No class peace in the crisis

Submitted by Off The Rails on Thu, 19/03/2020 - 11:39

A “joint statement”, published in the name of the Department for Transport (DfT), eight individual unions organising in the transport sector, and the TUC, has appeared online.

It reports the “first in a series of Ministerial calls” between the DfT and transport unions, and ends with an affirmation that “Transport Ministers have pledged to work tirelessly with the unions to support staff in the transport industry through not only the immediate challenges but also the issues that will affect the sector once the country has overcome this pandemic.”

Good news, you might think. If the pandemic has forced a hostile, anti-union Tory administration into a spirit of dialogue and collaboration with the organisations representing the workers the country relies on to deliver essential services, then that's surely a silver lining.

But all is not as it seems. Tory leopards do not change their spots, even in a pandemic. This DfT is part of the same Tory administration bent on forcing through new laws to restrict transport workers' strikes... the same Tory party under whose previous spells in government our railways were privatised, and, more recently, the drive towards de-staffing and “Driver Only Operation” has accelerated in earnest. This is the same Department for Transport which recently intervened to prevent the a settlement to the South Western Railway dispute that would have retained some role for the guard.

What this statement represents, then, is a blank cheque for collaboration with the bosses and their state at the very moment when workers should be demanding control, and refusing to let the architects and partisans of inequality and exploitation call the shots. We do need dialogue and consultation with our employers and the state; that must take place on as open and transparent a basis as circumstances allow, with the maximum degree of democratic scrutiny and control allowed by the pace needed to respond to changing events.

A collective, state-led, social response to the crisis is necessary to confront it. Clearly, that requires workers in the services integral to that to play our part. A working-class desire for everyone to pull together comes from a good place, usually informed by some elementary spirit of social solidarity. But that should not involve writing blank cheques for the bosses, with whose interests our own remain irreconcilably opposed.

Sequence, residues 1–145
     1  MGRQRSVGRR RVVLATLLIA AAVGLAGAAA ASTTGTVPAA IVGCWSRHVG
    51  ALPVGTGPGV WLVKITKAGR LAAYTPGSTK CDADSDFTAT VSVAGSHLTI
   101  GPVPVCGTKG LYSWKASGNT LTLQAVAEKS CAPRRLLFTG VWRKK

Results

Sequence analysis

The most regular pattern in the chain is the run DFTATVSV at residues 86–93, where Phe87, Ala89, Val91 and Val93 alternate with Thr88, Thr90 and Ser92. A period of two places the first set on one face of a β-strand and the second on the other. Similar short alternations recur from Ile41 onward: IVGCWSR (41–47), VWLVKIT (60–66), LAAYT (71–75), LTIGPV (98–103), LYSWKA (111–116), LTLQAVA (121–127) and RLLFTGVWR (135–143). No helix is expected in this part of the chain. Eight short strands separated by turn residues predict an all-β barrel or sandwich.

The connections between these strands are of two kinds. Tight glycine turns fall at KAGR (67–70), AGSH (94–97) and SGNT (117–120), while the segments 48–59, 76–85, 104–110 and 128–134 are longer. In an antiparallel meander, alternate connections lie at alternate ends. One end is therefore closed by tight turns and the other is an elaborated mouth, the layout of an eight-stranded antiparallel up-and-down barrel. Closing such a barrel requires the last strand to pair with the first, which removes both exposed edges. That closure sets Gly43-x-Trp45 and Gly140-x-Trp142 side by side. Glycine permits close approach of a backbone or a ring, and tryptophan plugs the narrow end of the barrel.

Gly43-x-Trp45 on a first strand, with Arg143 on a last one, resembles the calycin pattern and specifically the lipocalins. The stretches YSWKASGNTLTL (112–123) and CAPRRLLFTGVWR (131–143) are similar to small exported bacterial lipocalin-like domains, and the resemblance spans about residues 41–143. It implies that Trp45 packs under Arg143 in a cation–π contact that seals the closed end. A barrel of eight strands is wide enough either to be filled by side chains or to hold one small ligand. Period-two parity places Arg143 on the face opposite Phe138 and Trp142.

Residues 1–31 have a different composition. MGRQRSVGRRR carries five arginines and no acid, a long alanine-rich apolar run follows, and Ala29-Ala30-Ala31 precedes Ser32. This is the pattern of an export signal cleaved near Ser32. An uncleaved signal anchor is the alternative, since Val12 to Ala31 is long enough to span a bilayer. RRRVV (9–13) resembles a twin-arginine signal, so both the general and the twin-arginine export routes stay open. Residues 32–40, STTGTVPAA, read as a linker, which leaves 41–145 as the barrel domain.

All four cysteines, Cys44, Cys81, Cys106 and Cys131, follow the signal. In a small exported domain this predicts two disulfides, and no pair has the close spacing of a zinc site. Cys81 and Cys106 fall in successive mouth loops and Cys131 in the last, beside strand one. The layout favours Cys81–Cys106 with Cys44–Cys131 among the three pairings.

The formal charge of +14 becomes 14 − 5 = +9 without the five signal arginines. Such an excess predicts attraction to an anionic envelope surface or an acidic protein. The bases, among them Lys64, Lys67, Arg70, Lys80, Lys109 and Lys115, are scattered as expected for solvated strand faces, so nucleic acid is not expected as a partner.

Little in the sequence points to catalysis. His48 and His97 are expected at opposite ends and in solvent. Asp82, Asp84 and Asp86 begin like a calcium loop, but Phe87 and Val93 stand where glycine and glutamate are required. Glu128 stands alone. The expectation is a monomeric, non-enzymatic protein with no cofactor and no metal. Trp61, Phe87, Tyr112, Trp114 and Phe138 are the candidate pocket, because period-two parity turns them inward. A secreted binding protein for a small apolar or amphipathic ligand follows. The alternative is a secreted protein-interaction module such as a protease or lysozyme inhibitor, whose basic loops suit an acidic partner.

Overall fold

Unions should be issuing our own statements, reiterating our demands for improved working conditions, and highlighting the fundamental structural reality of capitalism that this crisis reveals: that it is our labour that makes society function.

As Eugene Debs, the railway worker and socialist leader, put it: “We can run the mills without them, but they can't run them without us.” Or, as a picket line placard during the Uprising of the 20,000, a strike of migrant garment workers in America in 1909, proclaimed: “Our employers have wealth, but we have the power of reproduction.”

The publication of the statement also points to a democratic deficit within unions. At least within RMT, the largest industry-specific union in the transport sector, the statement's content, nor the decision to co-sign it, were not presented to any level of union democracy. Unity House, RMT's national office, is currently closed, but no attempt was made to seek comment on or ratification of the statement from the union's rank-and-file National Executive Committee, which could easily have been done remotely. One can speculate that the mechanism for signing unions up to the statement was similarly undemocratic in the other union signatories.

A crisis like this will require sacrifice. It will require emergency measures. It will require all of us who are able to make extraordinary efforts to help society through. What it does not require is the suspension of democracy in our movement, nor the suspension of our basic understanding that bosses and workers have opposing interests.

Trade Unions

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